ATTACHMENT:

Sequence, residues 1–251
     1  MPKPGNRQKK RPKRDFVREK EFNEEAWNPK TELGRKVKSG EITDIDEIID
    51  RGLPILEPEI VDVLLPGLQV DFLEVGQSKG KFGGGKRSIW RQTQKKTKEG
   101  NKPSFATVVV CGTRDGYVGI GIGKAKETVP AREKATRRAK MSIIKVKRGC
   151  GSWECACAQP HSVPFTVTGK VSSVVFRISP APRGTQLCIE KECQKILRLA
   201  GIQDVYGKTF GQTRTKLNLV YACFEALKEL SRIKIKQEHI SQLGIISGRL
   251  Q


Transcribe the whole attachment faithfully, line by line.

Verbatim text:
Sequence, residues 1–251
     1  MPKPGNRQKK RPKRDFVREK EFNEEAWNPK TELGRKVKSG EITDIDEIID
    51  RGLPILEPEI VDVLLPGLQV DFLEVGQSKG KFGGGKRSIW RQTQKKTKEG
   101  NKPSFATVVV CGTRDGYVGI GIGKAKETVP AREKATRRAK MSIIKVKRGC
   151  GSWECACAQP HSVPFTVTGK VSSVVFRISP APRGTQLCIE KECQKILRLA
   201  GIQDVYGKTF GQTRTKLNLV YACFEALKEL SRIKIKQEHI SQLGIISGRL
   251  Q